20. Sostratus

    Sostratus Emperor

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    I'm not so sure about this. If there's one thing the numbers of civ6 do, its strive for clean looking progressions. I refer to it as the "1-2-3" system.
    Chops, districts, units, follow a 1:10 production scale, units gain 10 strength per era, techs have a linearly rising cost for the most part (excluding a small bump in the renn, until the information era, it's very close to a line of the form y=mx+b.)
    District buildings themselves follow yield progressions like 2-3-4 or 3-5-7 and have their cost based on whichever tier they are from in the tech tree.

    There's a hitch with this. It's pure, its clean, its something you'd find in a board game manual- but costs (chop, districts, buildings, wonders, units) have no internal tie in to terrain and yield (terrain, improvements and buildings specifically.)
    If you look at the resource page, one thing is made very clear for bonus and luxury resources:
    There is a very clear standard for what different yields are worth compared to each other.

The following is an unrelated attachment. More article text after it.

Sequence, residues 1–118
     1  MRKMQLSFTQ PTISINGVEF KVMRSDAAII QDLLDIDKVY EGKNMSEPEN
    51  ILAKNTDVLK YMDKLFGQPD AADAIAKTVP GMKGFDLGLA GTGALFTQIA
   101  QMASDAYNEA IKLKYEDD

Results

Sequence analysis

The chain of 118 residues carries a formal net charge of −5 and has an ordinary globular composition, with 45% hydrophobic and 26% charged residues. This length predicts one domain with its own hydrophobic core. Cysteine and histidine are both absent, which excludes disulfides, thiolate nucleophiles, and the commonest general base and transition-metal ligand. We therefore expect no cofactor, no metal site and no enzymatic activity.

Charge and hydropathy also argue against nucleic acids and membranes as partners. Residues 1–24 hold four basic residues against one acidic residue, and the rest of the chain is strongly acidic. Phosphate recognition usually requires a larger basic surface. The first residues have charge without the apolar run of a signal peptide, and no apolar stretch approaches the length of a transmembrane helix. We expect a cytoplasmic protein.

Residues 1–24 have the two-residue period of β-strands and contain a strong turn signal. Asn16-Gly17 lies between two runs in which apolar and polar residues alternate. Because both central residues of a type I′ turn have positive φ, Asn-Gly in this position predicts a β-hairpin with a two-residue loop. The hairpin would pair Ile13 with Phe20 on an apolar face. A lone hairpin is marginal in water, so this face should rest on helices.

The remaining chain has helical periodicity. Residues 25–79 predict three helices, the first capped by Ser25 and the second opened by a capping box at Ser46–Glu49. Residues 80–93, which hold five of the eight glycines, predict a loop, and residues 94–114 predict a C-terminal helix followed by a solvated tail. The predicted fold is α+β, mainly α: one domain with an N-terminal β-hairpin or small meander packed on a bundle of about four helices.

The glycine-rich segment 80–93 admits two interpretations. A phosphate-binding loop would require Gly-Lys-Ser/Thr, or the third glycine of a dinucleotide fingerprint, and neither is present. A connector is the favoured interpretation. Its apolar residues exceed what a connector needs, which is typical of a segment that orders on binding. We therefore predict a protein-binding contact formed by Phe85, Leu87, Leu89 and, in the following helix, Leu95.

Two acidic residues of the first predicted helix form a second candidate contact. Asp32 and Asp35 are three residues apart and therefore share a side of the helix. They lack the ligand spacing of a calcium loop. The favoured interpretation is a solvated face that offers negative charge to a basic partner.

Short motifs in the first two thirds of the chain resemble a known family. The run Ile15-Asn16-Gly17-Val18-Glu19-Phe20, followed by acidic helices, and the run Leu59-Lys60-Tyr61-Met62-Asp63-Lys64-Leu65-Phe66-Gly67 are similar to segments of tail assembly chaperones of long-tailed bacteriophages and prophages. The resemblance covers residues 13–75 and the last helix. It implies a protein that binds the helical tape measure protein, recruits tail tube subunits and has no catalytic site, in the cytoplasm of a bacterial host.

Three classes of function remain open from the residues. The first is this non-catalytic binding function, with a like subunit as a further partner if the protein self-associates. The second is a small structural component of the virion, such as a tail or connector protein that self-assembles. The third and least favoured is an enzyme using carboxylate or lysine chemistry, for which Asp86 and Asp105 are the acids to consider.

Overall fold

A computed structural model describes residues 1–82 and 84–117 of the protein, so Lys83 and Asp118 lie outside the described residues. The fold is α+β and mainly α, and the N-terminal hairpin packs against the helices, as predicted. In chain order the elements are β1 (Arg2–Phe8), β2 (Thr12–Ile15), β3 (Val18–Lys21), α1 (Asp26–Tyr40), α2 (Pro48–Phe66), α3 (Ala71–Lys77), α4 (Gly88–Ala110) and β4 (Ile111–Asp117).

1 science = 1 culture = 1 faith = 3 gold.
    1 food = 1 production = 2 gold.
    All luxes* are valued at 3 gold equivalent, all bonuses yield 2 gold equivalent. *Except sugar and citrus, which should be 1.5 food but are 2.
    Now, elsewhere we see that food and production are considered equal and also worth twice what gold is (chop jungle vs forest, same total yield, even though jungle is split. Chop sheep, deer, and copper: sheep (food)=deer(prod), copper provides 2x the amount in gold.)

    But, then, everything goes to crap when districts come into play. In the world of districts, food, production, science, culture, and faith are considered equal, and worth 2 gold. Look at specialists: they all follow the rule of 4 gold under this measure. Everyone provides 2 yield, which is worth 4 gold here, except merchants who give 4 gold outright, harbormen who give 1 science and 2 gold (valued at 2 gold + 2gold) and military dudes who give 1 production and 1 culture, valued at 2 gold each for 4 gold total.